may now place them in airtight containers (screw or snap-top glass jars,
food storage containers – do not use re-closable plastic bags).

Ginger prepared in this manner will keep indefinitely. If it does dry
out after a time, do not discard, simply chop finely and use in cooking
or baking.
Or you can dry it in a very low oven and grind to a fine powder in a spice grinder.
I prepare candied ginger in very large amounts and cook it in a
40-year-old Westinghouse electric roaster. For smaller batches I use a 6 quart
crockpot. One of my neighbors uses a 2-quart crockpot to cook 1 or 2
cups of ginger. A friend who has a 1950s electric stove uses the
“deep-well” cooker built into that stove. You may find something else
that works for you. The trick is the long, slow simmering and of course
the initial steaming which tenderizes the ginger without extracting too
much of the flavor which happens with parboiling, which is the usual process.

You can use the ginger syrup in many ways, including candying fruit or citrus peel and if cooked long enough, to the hard crack stage, make hard candies which can be tinted with food coloring, dropped by teaspoon onto a Silpat sheet to make candy “drops.”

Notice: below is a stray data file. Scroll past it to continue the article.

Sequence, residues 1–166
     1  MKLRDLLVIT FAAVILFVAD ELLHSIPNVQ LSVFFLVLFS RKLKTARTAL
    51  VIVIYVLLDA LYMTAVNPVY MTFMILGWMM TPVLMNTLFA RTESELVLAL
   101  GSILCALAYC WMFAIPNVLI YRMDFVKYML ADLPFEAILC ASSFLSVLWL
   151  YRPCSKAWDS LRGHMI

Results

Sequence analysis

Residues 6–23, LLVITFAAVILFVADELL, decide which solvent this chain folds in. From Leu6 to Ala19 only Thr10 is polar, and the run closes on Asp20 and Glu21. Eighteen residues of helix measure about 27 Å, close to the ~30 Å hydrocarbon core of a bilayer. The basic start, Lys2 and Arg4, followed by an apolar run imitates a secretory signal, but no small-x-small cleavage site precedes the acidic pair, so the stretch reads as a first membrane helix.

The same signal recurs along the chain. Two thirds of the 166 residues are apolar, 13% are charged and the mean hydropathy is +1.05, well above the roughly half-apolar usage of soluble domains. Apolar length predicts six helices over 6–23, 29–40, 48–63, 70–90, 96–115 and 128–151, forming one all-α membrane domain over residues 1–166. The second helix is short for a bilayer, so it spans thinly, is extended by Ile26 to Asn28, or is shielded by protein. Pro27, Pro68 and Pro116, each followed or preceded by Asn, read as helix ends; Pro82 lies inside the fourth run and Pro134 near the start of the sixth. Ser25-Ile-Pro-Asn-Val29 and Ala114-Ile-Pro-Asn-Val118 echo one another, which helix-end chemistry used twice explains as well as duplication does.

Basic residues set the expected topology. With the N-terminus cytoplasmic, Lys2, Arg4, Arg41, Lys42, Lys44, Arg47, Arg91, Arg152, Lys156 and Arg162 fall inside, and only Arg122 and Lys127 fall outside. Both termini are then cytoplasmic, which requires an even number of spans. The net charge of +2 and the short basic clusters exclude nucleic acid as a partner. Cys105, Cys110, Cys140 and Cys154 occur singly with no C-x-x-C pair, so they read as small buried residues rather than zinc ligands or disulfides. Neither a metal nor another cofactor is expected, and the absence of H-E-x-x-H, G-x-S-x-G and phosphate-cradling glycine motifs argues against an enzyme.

I grow much of the ginger I use. Ginger is super easy to grow – I grow it in big “window-box” type planters (plastic) using a mix of 1/2 perlite and 1/2 sterile potting soil. You can just buy the ginger at a grocery store, break it up, each section will sprout a new plant, bury it in the soil about 5 inches deep. Keep moist until you see the shoots appear then water every few days, use diluted fish emulsion fertilizer about every 3 weeks or so. If you start it in April or May it will be mature in October or November.

4 Responses to Candied or Crystallized Ginger

  1. Darcie says:

    I have always enjoyed your posts on eGullet. Your blog is fantastic! I love the idea of making my own crystallized ginger and giving it out at Christmas.

    I have a question – have you ever tried microwaving the ginger instead of steaming? I know many people swear by it for cooking veggies without losing flavor, nutrients, etc.

  2. asenjigal says:

    I have indeed tried microwaving ginger and ended up with a leather-like result that was impossible to even cut with a knife.